Install NodeJS and NPM on Ubuntu 16.04 LTS

Hello. This is my first tutorial of the series and in this tutorial I will show you how to install NodeJS and NPM on Ubuntu 16.04 LTS. I will provide you with basic information about what NodeJS and NPM are as well as some basic examples on how to use them for your next projects.


What is NodeJS ?

First of all, let me copy the description from the official NodeJS website:

Node.js® is a JavaScript runtime built on Chrome’s V8 JavaScript engine. Node.js uses an event-driven, non-blocking I/O model that makes it lightweight and efficient. Node.js’ package ecosystem, npm, is the largest ecosystem of open source libraries in the world.

Let’s start with Chrome’s V8. It is a an open-source JavaScript engine developed by The Chromium Project for the Google Chrome web browser which compiles and executes JavaScript source code.

 

 

It is designed to improve the speed of JavaScript code execution inside the web browser, but due to its efficiency it is also used in NodeJS as an engine. If you are interested about how V8 works under the hood you can read the answer on this question here. Although the answer isn’t official it is one of the most complete I found on the Internet and I hope you will find it helpful.

To better understand what event-driven means let’s talk a little bit about JavaScript. Those who write JavaScript code to build web applications should already been familiar with the event-driven programming paradigm. Generally, there is a main loop that listens on events such as user input (button click, mouse scroll, key down etc.) and as soon as one of those events is detected, it triggers a callback function. An example is the basic JavaScript onclick event that occurs when the user clicks on a button. NodeJS has the same event-driven architecture, but this time to execute server-side JavaScript code.

The next thing you need to understand is the non-blocking I/O model used by NodeJS. When the program accesses a file stored on the disk or makes a random system call, the program execution is interrupted until that process is completed. The model where the processes are waiting for the I/O operation to end is known as blocking I/O model, or synchronous programming. NodeJS is based on a non-blocking I/O model, or asynchronous programming and it doesn’t wait for I/O to complete. Instead it passes a callback function to the event loop which wait for the result returned from the I/O operation.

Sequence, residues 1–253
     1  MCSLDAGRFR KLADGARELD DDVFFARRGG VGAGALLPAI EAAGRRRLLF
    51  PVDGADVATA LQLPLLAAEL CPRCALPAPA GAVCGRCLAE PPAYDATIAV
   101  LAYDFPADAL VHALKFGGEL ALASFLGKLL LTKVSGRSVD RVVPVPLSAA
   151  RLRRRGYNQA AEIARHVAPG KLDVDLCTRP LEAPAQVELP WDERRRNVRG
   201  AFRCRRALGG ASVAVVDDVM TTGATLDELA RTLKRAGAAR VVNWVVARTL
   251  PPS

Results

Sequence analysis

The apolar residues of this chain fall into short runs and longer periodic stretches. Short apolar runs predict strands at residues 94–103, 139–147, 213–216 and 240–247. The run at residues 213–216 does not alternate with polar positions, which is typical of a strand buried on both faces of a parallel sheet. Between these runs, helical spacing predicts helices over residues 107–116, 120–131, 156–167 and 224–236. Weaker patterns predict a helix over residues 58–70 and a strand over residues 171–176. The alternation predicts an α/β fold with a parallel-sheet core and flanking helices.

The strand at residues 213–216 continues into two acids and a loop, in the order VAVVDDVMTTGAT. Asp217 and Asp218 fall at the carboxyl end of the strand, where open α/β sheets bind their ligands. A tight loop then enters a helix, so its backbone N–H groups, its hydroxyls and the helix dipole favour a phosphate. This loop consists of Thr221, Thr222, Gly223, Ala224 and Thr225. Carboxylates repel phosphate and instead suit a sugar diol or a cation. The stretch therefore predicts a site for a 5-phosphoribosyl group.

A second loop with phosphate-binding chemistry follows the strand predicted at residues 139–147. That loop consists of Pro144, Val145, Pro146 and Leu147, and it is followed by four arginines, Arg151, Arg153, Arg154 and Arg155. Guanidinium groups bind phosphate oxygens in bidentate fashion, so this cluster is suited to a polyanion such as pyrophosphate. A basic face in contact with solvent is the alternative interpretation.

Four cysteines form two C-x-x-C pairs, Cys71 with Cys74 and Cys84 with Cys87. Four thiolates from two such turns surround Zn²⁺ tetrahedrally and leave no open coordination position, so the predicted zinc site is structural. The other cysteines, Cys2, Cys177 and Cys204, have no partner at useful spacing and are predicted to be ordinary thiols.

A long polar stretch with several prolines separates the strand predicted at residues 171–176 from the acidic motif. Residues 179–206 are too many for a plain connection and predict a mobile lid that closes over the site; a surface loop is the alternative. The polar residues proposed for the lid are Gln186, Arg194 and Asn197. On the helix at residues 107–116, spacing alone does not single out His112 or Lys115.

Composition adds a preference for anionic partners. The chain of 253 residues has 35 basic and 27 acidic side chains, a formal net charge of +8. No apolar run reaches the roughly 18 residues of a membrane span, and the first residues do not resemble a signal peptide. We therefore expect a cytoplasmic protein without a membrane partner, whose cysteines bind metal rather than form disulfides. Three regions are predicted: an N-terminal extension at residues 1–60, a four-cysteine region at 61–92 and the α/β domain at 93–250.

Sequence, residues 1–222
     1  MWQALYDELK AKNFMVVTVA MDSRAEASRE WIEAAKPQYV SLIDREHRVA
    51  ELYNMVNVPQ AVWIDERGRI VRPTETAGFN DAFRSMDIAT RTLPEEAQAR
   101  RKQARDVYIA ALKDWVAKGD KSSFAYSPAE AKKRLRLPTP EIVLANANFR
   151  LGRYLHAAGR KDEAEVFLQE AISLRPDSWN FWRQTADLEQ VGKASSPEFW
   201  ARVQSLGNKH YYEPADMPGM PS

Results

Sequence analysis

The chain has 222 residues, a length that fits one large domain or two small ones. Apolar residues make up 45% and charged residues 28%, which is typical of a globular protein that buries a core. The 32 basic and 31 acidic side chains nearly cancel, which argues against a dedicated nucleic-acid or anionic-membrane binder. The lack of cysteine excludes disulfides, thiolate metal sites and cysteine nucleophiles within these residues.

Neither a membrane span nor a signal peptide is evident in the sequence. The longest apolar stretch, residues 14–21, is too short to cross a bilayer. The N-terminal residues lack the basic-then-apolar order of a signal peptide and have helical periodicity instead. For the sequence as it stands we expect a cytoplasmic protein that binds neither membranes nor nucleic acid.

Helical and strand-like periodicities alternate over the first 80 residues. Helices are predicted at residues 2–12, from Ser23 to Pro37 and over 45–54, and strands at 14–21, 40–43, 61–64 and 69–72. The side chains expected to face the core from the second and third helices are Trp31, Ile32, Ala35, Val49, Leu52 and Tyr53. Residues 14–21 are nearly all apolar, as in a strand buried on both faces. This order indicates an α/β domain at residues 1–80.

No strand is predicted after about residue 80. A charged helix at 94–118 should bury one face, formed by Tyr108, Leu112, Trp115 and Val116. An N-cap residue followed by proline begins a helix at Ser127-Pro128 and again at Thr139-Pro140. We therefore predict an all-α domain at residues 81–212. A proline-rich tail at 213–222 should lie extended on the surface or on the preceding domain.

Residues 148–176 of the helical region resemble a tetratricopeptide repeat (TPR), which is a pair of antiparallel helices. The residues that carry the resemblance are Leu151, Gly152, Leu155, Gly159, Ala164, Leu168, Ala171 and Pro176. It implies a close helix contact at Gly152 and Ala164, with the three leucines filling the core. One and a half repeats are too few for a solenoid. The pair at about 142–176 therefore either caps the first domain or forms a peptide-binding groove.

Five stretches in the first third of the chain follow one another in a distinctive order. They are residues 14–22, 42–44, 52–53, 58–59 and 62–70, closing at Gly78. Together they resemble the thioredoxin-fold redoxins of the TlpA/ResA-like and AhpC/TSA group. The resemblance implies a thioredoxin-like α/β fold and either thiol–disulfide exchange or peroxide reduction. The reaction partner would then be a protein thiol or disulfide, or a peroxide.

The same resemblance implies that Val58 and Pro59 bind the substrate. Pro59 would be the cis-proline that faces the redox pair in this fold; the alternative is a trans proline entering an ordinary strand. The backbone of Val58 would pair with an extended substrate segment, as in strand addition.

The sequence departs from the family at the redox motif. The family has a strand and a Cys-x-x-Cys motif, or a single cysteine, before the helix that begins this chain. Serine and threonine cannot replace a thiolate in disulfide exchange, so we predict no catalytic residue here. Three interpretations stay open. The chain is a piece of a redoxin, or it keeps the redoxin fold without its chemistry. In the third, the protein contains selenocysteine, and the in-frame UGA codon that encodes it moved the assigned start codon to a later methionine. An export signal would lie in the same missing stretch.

These features make NodeJS efficient when it comes to resource utilization while keeping the performance on a high-level and there is no wonder why corporations like Cisco, Microsoft, Yahoo!, PayPal, Netflix, LinkedIN, GoDaddy etc. use NodeJS for their projects.

Another thing that makes NodeJS special and very popular among the developers is NPM.

It is a package manager and it is automatically included when NodeJS is installed on the system. Specifically, NPM is an online repository where thousands of JavaScript developers upload their code so someone else can re-use it. NPM also provides a command-line utility which can be used to install specific packages from the online repository as well as to manage package dependencies.

 

Install NodeJS and NPM on Ubuntu 16.04 LTS

Node.js and NPM are available from the NodeSource binary distributions repository for Ubuntu, Debian, Linux Mint, elementaryOS and the other Debian-based distros. The following Ubuntu versions are supported:

  • Ubuntu 12.04 LTS (Precise Pangolin)
  • Ubuntu 14.04 LTS (Trusty Tahr)
  • Ubuntu 16.04 LTS (Xenial Xerus)

First, install build tools which will allow you to compile and install native addons from npm:

sudo apt-get update
sudo apt-get install -y build-essential

Add the the NodeSource Node.js v7.x repo:

curl -sL https://deb.nodesource.com/setup_7.x | sudo -E bash -

Once the repo is added to your system, install Node.js v7.x and NPM:

sudo apt-get install -y nodejs

There are other ways for installing NodeJS, but I am using this one because it is simple and allows me to update NodeJS easily when a newer version comes out. To print out the current NodeJS version installed on the system use the --version or shortly -v option:

node --version

It will return something like this:

~# nodejs -v
v7.7.3

NPM is also installed automatically. Check the NPM version using the -v option:

npm -v

 

NodeJS Usage and Examples

To demonstrate how you can run scripts with NodeJS I will use the basic “Hello World” example. Create a file app.js and paste the following content:

console.log("Hello World!");

Save the file and run the script:

nodejs app.js

You will see “Hello World!” printed on your console.

~# nodejs app.js
Hello World!

The example of a web server written with NodeJS is another one I like to show you. Remove the content from the app.js file and paste the following one:

const http = require('http');

const hostname = '127.0.0.1';
const port = 3000;

const server = http.createServer((req, res) => {
  res.statusCode = 200;
  res.setHeader('Content-Type', 'text/plain');
  res.end('Hello World!\n');
});

server.listen(port, hostname, () => {
  console.log(`Server running at http://${hostname}:${port}/`);
});

Save the file and run it again using the same command:

nodejs app.js

Since I use 127.0.0.1 as hostname the web server will be accessible only on the local machine at http://127.0.0.1:3000 or http://localhost:3000. To make it accessible from the outside, you can simply use your domain name or server IP address as a hostname.

 

I hope you enjoyed this tutorial. If you have any questions or thoughts post them in the comments below. Don’t forget to share it!

Related Posts